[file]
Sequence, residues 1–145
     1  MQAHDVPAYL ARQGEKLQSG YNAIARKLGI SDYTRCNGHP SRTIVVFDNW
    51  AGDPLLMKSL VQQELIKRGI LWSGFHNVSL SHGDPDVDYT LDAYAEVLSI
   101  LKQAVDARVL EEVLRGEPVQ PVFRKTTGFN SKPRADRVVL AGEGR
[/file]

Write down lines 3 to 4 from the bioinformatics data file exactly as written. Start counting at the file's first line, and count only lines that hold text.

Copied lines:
    51  AGDPLLMKSL VQQELIKRGI LWSGFHNVSL SHGDPDVDYT LDAYAEVLSI
   101  LKQAVDARVL EEVLRGEPVQ PVFRKTTGFN SKPRADRVVL AGEGR